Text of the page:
Overheard This Summer at AT&T Offices
“Today was pretty cool! We learned about circuits and I feel like the more time we spend with robots the more I will like it! ” — Thailiya T., Los Angeles
Doesn’t sound like typical water cooler chatter, does it? That’s because AT&T is hosting 134 high school girls in six of its offices this summer. The girls are participating in Girls Who Code’s Summer Immersion Program, a 7-week program for rising 11th and 12th grade girls to learn coding and get exposure to tech jobs.
Spend one hour talking with these girls and you will be blown away by their curiosity, gratitude, boundless enthusiasm, and deep interest in what it is like to be a woman in tech. Our future is bright with these young ladies leading the way!
Like any new skill, learning coding and computer science takes practice.
“Society often imposes this belief that talent is natural and unattainable through hard work which is completely false. Girls Who Code has taught me that in a world full of opportunities there are also endless possibilities through hard work and dedication.” — Debby E., Los Angeles
“You can never say you can’t do something, or you’re bad at something, because with practice you can pass your expectations. Everyone needs practice to become great, all you have to do is put in the work.” –Spicer L., Washington, DC
“Giving up is never the answer; there is always a way.” — Ayanna J., Los Angeles
Learning to code is also helping them develop a growth mindset and persevere through challenges. It opens up new opportunities and new ways of thinking no matter what your interests are.
“I thought coding was so hard and so boring when the GWC people were telling us about how fun it is. I didn’t believe them, but I love coding, and I’m actually good at it! […] It is so satisfying; when it works out you feel so accomplished!” — Aisha J., New York
“I personally think that you shouldn’t rule coding out even if you have different interests at the moment. Learning to code can help you merge creativity and logic, and even if you don’t end up going into coding as a career it’s always a useful tool. Plus it’s super interesting.” -Mariyah D., Redmond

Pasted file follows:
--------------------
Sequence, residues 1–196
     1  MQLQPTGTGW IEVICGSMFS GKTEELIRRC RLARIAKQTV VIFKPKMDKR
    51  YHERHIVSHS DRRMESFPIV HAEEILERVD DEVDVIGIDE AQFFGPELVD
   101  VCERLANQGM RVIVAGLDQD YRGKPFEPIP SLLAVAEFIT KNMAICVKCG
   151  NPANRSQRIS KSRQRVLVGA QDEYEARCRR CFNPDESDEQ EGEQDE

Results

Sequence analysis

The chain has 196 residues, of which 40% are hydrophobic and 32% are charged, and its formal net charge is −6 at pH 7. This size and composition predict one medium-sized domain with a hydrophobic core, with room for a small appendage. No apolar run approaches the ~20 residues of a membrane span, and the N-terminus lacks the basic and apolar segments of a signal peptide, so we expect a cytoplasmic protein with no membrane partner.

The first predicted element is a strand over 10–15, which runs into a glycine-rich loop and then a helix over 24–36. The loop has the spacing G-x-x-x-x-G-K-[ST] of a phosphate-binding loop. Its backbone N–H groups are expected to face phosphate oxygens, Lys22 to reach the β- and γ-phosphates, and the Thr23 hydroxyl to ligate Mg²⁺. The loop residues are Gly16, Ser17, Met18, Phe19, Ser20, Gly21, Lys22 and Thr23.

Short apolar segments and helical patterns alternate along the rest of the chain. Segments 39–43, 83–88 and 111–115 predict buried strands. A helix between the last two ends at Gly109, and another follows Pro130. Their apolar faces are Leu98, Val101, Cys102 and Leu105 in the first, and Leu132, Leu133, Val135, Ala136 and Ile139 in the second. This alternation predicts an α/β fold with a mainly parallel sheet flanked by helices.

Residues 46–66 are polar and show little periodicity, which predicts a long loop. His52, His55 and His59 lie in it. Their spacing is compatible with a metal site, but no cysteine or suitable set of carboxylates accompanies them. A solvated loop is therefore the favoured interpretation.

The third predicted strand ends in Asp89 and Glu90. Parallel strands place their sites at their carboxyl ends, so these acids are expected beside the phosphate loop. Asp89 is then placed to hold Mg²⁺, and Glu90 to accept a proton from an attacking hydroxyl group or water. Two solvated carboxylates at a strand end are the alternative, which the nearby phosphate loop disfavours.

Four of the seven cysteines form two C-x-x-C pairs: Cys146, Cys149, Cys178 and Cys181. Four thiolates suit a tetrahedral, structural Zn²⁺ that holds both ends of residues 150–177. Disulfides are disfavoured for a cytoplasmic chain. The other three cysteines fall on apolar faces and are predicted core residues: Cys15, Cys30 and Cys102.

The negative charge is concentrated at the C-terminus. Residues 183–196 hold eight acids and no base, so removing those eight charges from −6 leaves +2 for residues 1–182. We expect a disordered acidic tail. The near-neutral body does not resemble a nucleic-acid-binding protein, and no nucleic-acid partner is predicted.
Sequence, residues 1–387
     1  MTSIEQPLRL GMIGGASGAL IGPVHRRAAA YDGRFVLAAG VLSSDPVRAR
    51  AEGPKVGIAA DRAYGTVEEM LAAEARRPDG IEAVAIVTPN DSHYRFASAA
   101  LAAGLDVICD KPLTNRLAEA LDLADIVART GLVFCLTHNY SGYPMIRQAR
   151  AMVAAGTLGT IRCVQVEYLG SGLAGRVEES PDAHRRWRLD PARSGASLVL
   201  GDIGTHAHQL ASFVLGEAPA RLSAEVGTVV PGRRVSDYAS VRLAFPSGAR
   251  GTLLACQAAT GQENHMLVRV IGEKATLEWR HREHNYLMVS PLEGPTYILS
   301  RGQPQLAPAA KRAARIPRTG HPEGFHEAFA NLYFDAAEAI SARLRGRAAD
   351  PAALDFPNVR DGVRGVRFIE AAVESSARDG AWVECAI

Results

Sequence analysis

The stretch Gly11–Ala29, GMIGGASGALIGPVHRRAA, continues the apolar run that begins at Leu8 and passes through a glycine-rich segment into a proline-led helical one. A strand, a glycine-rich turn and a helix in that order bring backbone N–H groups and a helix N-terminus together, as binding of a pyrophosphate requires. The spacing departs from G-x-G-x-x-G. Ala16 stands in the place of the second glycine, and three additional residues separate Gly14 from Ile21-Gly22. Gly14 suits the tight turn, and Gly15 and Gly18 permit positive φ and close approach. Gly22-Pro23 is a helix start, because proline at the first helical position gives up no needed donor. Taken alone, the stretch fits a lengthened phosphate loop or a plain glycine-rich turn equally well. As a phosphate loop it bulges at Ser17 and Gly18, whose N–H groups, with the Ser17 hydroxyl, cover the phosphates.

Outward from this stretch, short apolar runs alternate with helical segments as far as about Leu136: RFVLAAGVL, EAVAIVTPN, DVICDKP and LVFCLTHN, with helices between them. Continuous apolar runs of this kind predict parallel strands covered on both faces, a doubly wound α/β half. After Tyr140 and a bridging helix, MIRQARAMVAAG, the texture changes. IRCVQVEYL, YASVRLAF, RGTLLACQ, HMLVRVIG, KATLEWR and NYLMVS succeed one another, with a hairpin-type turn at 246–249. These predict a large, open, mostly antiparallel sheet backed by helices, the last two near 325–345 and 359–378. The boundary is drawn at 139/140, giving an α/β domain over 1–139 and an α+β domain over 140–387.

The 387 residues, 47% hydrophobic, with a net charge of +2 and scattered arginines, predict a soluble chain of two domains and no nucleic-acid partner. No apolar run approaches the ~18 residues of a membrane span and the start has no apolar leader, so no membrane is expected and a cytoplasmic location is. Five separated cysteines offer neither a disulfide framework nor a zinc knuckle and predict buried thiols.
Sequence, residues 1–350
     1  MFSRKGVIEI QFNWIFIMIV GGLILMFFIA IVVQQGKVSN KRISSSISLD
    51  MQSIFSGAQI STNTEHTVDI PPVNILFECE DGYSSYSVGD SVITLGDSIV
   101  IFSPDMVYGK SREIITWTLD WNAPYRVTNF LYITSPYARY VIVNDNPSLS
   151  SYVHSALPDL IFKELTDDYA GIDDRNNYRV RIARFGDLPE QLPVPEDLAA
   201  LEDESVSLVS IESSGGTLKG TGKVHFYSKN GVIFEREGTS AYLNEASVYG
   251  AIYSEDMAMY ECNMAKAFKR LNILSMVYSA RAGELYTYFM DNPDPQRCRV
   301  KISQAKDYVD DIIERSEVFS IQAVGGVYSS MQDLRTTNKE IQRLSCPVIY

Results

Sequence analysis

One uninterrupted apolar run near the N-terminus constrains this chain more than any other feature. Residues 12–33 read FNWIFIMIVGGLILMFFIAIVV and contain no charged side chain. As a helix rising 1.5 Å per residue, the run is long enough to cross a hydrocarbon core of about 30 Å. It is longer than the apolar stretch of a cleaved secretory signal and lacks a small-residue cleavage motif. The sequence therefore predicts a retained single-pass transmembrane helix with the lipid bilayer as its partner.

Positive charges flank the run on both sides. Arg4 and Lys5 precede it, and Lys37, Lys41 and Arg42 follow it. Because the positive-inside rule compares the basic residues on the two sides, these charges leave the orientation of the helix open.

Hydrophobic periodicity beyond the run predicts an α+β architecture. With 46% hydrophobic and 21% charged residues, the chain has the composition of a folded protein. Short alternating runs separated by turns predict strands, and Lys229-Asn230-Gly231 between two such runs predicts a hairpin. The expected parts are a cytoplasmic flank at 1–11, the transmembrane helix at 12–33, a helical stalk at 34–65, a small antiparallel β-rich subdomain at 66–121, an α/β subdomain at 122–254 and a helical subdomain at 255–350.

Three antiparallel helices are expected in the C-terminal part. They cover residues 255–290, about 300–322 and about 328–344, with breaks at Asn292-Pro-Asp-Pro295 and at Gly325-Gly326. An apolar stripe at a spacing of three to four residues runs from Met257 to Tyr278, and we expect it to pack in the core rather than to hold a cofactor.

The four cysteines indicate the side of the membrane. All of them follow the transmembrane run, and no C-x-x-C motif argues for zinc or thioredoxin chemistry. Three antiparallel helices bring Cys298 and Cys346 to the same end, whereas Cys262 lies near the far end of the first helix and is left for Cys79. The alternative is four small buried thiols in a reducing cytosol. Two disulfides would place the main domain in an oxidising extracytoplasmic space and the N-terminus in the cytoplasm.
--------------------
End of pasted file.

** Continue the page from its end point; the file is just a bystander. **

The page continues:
“I signed up for girls who code because I think coding is a valuable skill that will only become more important as time goes by and I wanted to be able to have some say in what I did on computers and know how they work” — Cypress L., Austin
“Coding is super fun, and you can use coding in any field you want to go into” — Brooke M., Los Angeles
The participants not only get first-hand experience in a corporate environment, but they also make lasting friendships and build their community. Girls Who Code and AT&T are helping ensure those relationships last through Girls Who Code’s Alumni Network.
“The coolest thing that I’ve experienced so far from GWC are tightly bonding friendships spurred from partner projects, group activities, and a welcoming heart that everyone seems to have towards one another.” — Jisook M., Redmond
Girls Who Code’s ultimate mission is closing the gender gap in technology. This aligns with AT&T’s work to encourage more young women to pursue STEM fields. Based on these girls’ experiences, they’re definitely making an impact.
“I have been interested in coding for a while, and searched vigorously for some kind of coding class. My school offered a [computer science] class, but unfortunately, it was too full for me to join, and not surprisingly, full of boys. This was incredibly disappointing since I knew a lot of my female friends were also denied this classroom experience, but Girls Who Code offered a perfect alternative.” — Naomi P., Los Angeles
“The coolest thing about the program so far is knowing that there’s a diverse community of girls in the computer science field that I can come back to with Girls Who Code. Since the computer science field is male dominated, it’s encouraging to have this empowerment! […] If I could tell something to other girls who want to code, it’d be to just go for it! Try coding confidently and don’t let stereotypes or people discourage you. As long as you believe in yourself and your capabilities, people’s expectations of your skill won’t matter; it’ll feel nice to prove those who doubt you wrong.” — Bethany K., Redmond
“Not only does learning how to code allow [girls] to have way more opportunities, but also it makes them pioneers in rewriting the narrative for the future of women! In a way, if a girl learns how to code, they are automatically a major part in impacting the future of an entire gender.” — Marlene G., Los Angeles
“I would tell other girls who want to code that you are able to do whatever you put your mind to, you ARE qualified, you are no imposter, and do what makes you happy, not society.” –Anitra G., Washington, DC
“The most surprising thing I have experienced so far was seeing how nice and welcoming the tech world is to new programmers. AT&T has demonstrated how welcoming the tech community is.” — Madison T., Los Angeles
These young women are eager to learn and have lots to teach! How will you support them and welcome them to your workplace?